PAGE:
Re: URI lifecycle (Was: Owning URIs)

Hi David,

On Tue, 2009-05-19 at 11:07 -0700, David Huynh wrote:
> David Booth wrote:
> > . . .  "The URI Lifecycle in Semantic Web Architecture":
> >
> > [ . . . ]
> David,
> I'm interested to get a sense of the coordination costs of these rules, 
> and the costs of enforcing them, for both large publishers (company, 
> institution) and individual authors (bloggers). (The Semantic Web is, 
> after all, for everyone, not just large publishers.) Have you tried to 
> follow these rules within a small group of people, preferably without 
> Semantic Web experts?
> By coordination costs, what I mean is this. Today on the Web, if I want 
> to point from my site to another web page, I don't have to ask anybody 
> for permission, or sign any contract, or have any expectation, or set up 
> any meeting, etc. Zero cost of coordination. That's very nice, and 
> perhaps important in bootstrapping the Web. How does this mode of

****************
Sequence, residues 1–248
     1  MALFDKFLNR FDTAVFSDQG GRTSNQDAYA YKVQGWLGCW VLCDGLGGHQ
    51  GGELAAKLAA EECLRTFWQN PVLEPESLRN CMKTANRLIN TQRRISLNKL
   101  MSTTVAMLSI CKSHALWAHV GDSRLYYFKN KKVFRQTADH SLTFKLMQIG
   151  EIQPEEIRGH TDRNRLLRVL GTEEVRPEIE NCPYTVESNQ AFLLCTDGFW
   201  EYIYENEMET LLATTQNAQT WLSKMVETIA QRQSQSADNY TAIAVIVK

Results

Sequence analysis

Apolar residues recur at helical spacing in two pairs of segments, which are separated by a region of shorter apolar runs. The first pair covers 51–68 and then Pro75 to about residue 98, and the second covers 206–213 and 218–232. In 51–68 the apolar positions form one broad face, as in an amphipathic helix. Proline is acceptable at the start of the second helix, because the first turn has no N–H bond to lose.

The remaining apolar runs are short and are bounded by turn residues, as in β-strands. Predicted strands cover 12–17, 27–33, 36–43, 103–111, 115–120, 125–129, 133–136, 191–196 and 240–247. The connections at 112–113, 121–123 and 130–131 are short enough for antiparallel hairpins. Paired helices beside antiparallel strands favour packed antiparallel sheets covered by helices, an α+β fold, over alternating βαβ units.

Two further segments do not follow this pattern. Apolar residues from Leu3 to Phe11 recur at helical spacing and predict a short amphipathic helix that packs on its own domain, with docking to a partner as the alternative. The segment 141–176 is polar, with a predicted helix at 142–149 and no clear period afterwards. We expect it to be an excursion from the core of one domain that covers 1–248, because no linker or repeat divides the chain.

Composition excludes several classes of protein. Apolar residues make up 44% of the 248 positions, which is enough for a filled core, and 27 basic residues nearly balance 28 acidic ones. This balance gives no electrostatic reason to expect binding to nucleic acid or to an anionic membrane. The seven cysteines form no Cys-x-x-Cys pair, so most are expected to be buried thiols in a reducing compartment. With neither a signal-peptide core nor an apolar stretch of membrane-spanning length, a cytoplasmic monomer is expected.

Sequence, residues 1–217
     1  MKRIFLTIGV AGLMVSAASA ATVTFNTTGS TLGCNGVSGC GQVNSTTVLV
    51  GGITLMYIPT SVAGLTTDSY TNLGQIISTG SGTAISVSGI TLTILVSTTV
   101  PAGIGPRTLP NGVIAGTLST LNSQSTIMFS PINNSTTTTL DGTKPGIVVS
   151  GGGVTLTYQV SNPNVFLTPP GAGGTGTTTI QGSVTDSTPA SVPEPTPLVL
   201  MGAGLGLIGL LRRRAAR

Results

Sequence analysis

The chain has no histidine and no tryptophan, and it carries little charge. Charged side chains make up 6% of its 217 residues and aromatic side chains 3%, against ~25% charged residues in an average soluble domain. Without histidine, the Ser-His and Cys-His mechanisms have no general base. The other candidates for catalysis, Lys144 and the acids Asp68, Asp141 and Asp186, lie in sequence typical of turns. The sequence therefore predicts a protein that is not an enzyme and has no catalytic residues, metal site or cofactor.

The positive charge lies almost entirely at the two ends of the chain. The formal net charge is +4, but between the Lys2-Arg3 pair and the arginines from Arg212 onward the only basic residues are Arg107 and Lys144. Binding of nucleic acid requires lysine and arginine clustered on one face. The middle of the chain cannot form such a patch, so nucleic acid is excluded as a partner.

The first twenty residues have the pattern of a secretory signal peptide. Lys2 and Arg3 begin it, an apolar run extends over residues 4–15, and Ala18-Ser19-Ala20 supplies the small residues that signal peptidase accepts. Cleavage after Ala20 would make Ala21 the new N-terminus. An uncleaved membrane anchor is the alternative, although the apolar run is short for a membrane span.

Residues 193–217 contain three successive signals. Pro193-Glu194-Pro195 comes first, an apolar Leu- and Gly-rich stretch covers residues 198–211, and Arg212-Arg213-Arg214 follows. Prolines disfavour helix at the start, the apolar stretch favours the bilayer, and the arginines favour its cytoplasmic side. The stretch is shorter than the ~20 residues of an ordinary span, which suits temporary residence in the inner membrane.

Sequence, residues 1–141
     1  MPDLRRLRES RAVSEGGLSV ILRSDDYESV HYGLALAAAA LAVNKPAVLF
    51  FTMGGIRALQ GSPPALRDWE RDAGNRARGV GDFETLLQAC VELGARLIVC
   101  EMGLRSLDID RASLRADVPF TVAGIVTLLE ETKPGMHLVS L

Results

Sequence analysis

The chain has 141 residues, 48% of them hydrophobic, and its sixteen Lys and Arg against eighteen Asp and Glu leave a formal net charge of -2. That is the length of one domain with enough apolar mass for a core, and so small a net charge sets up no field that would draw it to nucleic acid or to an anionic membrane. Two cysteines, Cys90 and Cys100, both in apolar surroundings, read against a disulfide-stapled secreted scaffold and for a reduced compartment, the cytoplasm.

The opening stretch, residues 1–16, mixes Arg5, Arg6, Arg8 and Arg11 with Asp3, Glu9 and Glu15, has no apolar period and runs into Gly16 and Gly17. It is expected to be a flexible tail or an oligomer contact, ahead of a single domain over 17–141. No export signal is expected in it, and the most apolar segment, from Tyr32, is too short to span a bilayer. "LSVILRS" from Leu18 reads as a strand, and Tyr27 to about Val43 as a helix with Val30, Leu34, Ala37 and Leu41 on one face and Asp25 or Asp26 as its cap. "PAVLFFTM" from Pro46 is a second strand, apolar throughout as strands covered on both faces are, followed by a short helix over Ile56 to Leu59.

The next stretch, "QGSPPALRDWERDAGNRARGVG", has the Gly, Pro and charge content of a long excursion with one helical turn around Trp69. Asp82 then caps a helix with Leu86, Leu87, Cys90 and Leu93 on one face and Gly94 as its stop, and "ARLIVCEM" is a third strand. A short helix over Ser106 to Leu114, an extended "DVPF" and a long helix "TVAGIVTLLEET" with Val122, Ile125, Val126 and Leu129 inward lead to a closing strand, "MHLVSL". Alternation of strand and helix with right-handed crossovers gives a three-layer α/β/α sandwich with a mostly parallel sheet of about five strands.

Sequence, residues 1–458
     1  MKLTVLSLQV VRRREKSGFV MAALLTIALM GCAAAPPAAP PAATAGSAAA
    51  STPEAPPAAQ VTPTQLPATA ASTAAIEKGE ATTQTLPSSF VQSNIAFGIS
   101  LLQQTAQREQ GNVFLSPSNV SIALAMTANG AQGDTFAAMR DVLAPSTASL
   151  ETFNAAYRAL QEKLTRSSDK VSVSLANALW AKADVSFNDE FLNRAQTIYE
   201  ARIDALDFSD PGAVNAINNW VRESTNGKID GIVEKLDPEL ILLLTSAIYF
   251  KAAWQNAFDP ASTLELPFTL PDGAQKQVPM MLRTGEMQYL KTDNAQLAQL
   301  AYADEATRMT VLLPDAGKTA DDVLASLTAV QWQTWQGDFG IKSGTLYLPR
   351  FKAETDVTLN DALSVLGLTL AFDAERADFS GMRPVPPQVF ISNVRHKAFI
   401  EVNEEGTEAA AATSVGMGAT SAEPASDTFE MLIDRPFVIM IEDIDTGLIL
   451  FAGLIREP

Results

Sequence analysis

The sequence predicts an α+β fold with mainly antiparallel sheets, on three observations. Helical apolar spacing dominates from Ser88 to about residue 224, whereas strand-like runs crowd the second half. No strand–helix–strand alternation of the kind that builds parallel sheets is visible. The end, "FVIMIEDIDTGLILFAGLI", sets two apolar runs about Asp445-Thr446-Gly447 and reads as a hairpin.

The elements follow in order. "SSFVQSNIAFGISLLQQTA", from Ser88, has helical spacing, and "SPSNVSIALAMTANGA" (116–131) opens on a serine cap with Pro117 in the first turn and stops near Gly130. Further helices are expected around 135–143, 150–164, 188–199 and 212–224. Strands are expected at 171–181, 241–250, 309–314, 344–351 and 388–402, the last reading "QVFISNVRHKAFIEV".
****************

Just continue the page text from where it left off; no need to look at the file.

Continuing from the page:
> operation change when I need to deal with URIs? Will it be difficult 
> enough that it will become exclusive?

That's an interesting question.  Overall, I think the coordination
requirements are similar in principle, though perhaps not in in degree.
For example, if I were to add a link from my site to another web page I
would likely take a look at the destination page before doing so, to
ensure that it really says what I think it says.  This is analogous to
Responsibility #3 ("Use of a URI implies agreement with the core
assertions of its URI declaration"), though not exactly the same.
However Responsibility #4 definitely goes farther ("The statement author
making new assertions SHOULD compute the transitive closure of the URI
declarations for all URIs used, to ensure that they are consistent with
the author's new assertions").  But since that step can be automated in
a tool, and since the statement author is somewhat likely to want to
check the consistency of his/her assertions with the URI declarations
and ontologies used anyway -- in the least to avoid embarrassment --
this this may not be as much of an issue as it might first appear.

However, I don't think "coordination" is quite the right term for the
work that's being performed, since each of the responsibilities outlined
in the paper is done unilaterally by one party at a time, rather than
requiring two parties to actively engage with each other.   

David Booth, Ph.D.
Cleveland Clinic (contractor)

Opinions expressed herein are those of the author and do not necessarily
reflect those of Cleveland Clinic.

Received on Wednesday, 20 May 2009 02:56:38 UTC